Thursday, December 11, 2014

Limbo...sort of...mostly impatience.

I have never wanted to travel and explore the world more than I do now. Part of it is the collective national fairy story that we keep lying, er...telling, ourselves about racism. Another is the pack/tribe blindness we have regarding income inequity in this country. It's also hard not to notice the mass resistance, heels being dug in, about sexism and race culture in this country with talking head after talking head (many of them women working for the Man and therefore dependent on the regular paycheck and monetary validation) pretending it isn't a real problem. Then there are the very unsurprising and long long awaited report that this country tortured many people in our zealous headlong rush to revenge for 9/11.

Among the many many blind voices, constantly crying, "America is Awesome!," I can't help but imagine a very large, unattractive pig in a very muddy dress, eating everything in sight while others starve, proclaiming they are beautiful -- all evidence to the contrary. To see it, all you have to do is take off your America sunglasses for just one moment. Just one moment.

I'll not delude myself by imagining that other places are 'better'. The grass won't be greener elsewhere -- it will be different.

I want to see that grass. Different. Maybe better in ways significant. Maybe.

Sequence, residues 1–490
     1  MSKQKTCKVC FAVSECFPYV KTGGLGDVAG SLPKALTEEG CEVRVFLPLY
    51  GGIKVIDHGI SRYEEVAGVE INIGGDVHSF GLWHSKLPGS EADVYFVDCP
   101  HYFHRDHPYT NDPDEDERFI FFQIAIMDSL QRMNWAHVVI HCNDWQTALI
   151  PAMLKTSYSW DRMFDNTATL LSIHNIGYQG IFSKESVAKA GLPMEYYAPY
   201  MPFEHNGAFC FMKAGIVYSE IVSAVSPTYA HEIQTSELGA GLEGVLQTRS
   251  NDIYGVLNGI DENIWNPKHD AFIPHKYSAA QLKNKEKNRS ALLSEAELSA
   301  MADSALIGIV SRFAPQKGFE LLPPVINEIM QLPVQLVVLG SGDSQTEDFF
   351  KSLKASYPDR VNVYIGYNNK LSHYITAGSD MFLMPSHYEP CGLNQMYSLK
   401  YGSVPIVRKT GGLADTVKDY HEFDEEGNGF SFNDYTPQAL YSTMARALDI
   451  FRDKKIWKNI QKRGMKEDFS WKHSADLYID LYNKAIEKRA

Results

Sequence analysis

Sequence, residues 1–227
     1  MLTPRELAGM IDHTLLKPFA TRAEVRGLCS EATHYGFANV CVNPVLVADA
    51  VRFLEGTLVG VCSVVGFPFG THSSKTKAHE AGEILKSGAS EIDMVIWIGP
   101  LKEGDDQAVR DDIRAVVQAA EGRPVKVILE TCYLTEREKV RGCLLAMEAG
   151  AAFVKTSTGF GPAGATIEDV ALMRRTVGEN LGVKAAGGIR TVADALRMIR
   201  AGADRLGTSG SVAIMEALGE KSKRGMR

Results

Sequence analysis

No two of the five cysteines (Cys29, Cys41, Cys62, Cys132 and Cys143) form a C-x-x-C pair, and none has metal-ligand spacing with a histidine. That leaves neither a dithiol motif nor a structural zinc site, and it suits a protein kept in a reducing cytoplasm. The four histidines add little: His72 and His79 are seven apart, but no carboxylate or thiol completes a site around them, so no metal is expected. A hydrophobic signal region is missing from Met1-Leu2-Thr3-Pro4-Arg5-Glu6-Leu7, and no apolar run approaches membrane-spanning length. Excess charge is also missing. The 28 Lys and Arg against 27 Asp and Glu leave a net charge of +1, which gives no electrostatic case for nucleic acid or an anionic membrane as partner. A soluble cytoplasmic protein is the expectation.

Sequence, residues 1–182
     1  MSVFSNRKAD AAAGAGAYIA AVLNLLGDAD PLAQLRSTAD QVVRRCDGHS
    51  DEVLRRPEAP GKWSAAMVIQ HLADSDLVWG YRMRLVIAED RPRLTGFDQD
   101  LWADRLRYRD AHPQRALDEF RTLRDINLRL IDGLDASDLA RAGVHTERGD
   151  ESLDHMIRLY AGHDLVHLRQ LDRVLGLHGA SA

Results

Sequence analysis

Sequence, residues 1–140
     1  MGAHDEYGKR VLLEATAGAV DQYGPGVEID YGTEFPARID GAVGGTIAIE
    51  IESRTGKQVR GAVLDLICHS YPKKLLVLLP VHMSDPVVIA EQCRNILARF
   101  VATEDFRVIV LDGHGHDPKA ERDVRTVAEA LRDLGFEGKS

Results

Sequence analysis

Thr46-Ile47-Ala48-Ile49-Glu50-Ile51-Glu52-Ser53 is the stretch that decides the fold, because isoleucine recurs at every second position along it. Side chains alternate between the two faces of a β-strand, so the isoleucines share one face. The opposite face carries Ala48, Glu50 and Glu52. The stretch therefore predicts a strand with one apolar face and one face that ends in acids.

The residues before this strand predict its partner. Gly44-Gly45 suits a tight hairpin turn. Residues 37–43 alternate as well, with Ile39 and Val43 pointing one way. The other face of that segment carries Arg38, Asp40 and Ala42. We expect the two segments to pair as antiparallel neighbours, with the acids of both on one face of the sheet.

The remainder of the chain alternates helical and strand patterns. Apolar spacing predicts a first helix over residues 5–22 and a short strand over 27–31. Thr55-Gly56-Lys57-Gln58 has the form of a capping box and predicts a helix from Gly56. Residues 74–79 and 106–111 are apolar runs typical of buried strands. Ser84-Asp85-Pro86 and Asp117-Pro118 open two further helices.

It's this seeming limbo, in the midst of a plan called The Freedom Project. It's not really limbo. We have a plan that is in execution and, to be honest, executing well.

With deliberate and singular focus, we are eliminating debt. We are maintaining and building Brigadoon, with even more plans to upgrade her, make her more seaworthy, make us more seaworthy, so we can execute the last steps of the plan.

I have never wanted to travel and explore the world more than I do now.

Biding my time, executing the plan, looking towards distant horizons, new places, and people other than this.

Monday, December 1, 2014

Hold Fast -- a promise.

My lovely first mate and I have talked for quite a while about getting a tattoo together. Some say that doing so is poison to a relationship. As soon as you do something so permanent, then the relationship will be temporary. 

Well, life is temporary my friends. Whatever we have, whatever we become, this is a reminder of our commitment to teach other -- in the here and now.

We talked about this design for a couple years. It started out with a sketch or two:

This was a good start, but I wasn't happy with the fluke, It was turned the wrong direction. So, I told Kerry I'd work on it and get the design better. We were staying in Poulsbo shortly after I announced that I knew what we needed and the design was done. Stepping into the door of "Thor's Hammer and Needle" we talked to Zak. After showing him some pictures he agreed to send us a sketch. He also made some good suggestions on the orientation and placement. He did an excellent job.

We are very happy with the final result.

As Kerry put it just recently, "It means Hold Fast to each other, Hold Fast to our plans, Hold fast to our dreams."